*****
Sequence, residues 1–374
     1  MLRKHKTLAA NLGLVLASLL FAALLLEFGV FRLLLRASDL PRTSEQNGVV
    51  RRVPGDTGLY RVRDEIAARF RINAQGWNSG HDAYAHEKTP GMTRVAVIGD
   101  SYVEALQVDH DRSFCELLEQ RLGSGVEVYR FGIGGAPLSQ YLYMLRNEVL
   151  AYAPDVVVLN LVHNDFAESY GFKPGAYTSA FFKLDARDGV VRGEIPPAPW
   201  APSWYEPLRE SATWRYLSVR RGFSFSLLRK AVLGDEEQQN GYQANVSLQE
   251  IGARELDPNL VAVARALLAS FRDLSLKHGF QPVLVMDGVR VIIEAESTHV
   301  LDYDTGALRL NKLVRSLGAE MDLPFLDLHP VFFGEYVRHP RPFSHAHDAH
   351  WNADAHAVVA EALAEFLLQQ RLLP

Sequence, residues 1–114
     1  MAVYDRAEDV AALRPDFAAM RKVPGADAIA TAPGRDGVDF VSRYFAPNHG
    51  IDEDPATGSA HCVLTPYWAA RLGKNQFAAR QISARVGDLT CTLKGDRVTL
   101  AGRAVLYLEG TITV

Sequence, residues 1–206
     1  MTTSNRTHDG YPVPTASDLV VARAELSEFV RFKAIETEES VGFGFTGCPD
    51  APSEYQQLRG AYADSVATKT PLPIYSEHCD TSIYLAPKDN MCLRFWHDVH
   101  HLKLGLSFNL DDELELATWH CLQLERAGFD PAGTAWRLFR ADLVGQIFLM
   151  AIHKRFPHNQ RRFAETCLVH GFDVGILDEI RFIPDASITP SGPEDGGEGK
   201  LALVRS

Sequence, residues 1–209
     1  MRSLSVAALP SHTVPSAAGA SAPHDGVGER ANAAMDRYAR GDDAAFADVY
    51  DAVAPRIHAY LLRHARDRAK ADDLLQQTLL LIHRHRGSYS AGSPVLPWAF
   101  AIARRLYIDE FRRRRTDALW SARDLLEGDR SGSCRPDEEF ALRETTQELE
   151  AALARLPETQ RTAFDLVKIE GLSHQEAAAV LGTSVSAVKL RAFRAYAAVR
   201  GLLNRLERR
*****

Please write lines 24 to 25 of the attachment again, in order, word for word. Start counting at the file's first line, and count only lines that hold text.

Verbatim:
   151  AALARLPETQ RTAFDLVKIE GLSHQEAAAV LGTSVSAVKL RAFRAYAAVR
   201  GLLNRLERR